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For that not-so-fresh, stinging feeling


[click for bigger]

I don't know what's more absurd; douching with Lysol or the idea that the husband (obviously on the other side of the "ignorant" door) is acting like the wife has a bad case of cooties. Or that the woman is somehow IGNORANT because she's not so fresh. Or the use of the phrase "dainty feminine allure." Or the whole rest of the text.

And it's not a Photoshop. See here for historical background:

The Girl He Married.
Why does she spend her evenings alone?
Ohh Domestic Crisis!
A web of indifference

So remember ladies: if you are not getting any from your man, it's probably because you smell. Disinfect that cooter with Lysol today! Now in lemon fresh scent! And for those times when there's just no chance for a luxorious Lysol douche, there's wipes

[first ad via MeFi]


It may not be a Photoshop job, but dammit if it doesn't scream to become one...

So... what's the problem? ducks


Ack! You'd never get that taste out of your mouth!

Technically they are both on the other side of the "ignorant" door.

Gotta give points to the man tho, because that kind of thing is just too horrible to comprehend. The smell is pretty nasty also.

Will the Lysol remove the big cartoon padlocks he's drawn on the door?

I don't...I mean...frickin' WTF?....

There's a joke sitting there, in the back of my head, screaming to get out...LYSOL also works as a minty fresh douche???

I gotta go call my Ma. Although how the hell I work the question into the conversation is beyond me right now...do you just blurt out, "So, Mom, you ever use Lysol for more than...y'kow...cleaning the kitchen sink? Nudge nudge, wink wink?"

The "feminine hygiene" ads were a way to market products like Lysol that were thought to have contraceptive effect, at a time when compainies were not permitted by law to sell contraceptives to women.

Excerpt from Web MD feature "History of Birth Control":

When these devices were declared illegal, the flourishing trade simply began selling them as "hygiene" products. For example, vaginal sponges were sold to protect women from "germs" instead of sperm. This led to misleading if not downright fraudulent advertising. From 1930 until 1960, the most popular female contraceptive was Lysol disinfectant -- advertised as a feminine hygiene product in ads featuring testimonials from prominent European "doctors." Later investigation by the American Medical Association showed that these experts did not exist.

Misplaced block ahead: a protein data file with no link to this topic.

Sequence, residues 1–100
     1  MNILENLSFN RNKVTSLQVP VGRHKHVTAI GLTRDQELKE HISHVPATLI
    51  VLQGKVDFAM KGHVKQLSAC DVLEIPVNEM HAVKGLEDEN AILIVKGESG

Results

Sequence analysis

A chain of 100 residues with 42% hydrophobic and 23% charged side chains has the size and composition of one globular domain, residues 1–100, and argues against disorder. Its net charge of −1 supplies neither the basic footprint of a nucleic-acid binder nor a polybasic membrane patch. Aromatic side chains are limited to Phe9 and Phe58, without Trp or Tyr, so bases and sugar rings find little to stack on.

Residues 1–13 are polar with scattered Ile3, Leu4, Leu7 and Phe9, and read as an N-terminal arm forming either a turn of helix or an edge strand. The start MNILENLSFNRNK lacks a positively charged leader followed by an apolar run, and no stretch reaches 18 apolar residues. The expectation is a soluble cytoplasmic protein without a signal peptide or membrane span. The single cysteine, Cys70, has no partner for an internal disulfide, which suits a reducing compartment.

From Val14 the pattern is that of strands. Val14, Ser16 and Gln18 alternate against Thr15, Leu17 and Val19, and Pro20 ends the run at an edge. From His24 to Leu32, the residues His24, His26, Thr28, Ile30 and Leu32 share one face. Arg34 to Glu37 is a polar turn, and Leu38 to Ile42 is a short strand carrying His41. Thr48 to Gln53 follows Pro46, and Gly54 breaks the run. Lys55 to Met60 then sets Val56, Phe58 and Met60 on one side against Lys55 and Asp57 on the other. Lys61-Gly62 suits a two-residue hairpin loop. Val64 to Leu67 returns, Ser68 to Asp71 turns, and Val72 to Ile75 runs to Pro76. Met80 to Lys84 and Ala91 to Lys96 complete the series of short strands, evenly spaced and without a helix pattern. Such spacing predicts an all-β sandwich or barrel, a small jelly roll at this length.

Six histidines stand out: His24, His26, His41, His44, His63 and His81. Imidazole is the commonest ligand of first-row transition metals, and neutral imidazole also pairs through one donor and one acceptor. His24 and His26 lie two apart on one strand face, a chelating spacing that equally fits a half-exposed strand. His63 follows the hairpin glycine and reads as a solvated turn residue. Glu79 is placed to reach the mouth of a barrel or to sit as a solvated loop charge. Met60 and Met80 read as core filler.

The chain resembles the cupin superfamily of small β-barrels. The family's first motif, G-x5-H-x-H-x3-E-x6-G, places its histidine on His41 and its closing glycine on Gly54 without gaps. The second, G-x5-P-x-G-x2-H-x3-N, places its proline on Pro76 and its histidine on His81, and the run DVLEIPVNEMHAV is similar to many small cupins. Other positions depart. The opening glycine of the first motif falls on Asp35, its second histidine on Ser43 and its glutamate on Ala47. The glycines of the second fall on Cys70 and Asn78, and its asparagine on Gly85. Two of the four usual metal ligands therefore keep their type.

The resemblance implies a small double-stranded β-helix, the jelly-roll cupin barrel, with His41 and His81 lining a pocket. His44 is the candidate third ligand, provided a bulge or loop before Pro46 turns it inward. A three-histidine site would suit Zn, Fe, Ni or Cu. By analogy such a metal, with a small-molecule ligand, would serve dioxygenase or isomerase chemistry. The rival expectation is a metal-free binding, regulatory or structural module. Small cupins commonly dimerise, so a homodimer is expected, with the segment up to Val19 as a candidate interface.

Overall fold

"The fraud of the Lysol douche was a byproduct of illegality," Tone says. "Because birth control couldn't be advertised openly, manufacturers would use euphemisms to refer to birth control. They took advantage of consumers' hopes."

IOW, the ads make sense if you read between the lines...Lysol is selling birth control.

"she has protected her zest for living, her health and youthfulnes...by the correct practice of feminine hygiene"

"in the meantime, take no needless, dangerous chances"

"Well, ...thinking you know about feminine hygeine, yet trusting to now-and-then care, can make all the dfference in marital happiness, as my doctor pointed out. He said never to run such careless risks..."

"A proved germ killer"

Believe me, I follow to the letter</> my doctor's advice on feminine hygeine"

" Douche thoroughly with correct lysol solution...ALWAYS"

On a not completely unrelated note - best line I've heard this week, from the new kid we just hired:

"I've got three sisters, I can eat anything"

u should give us more info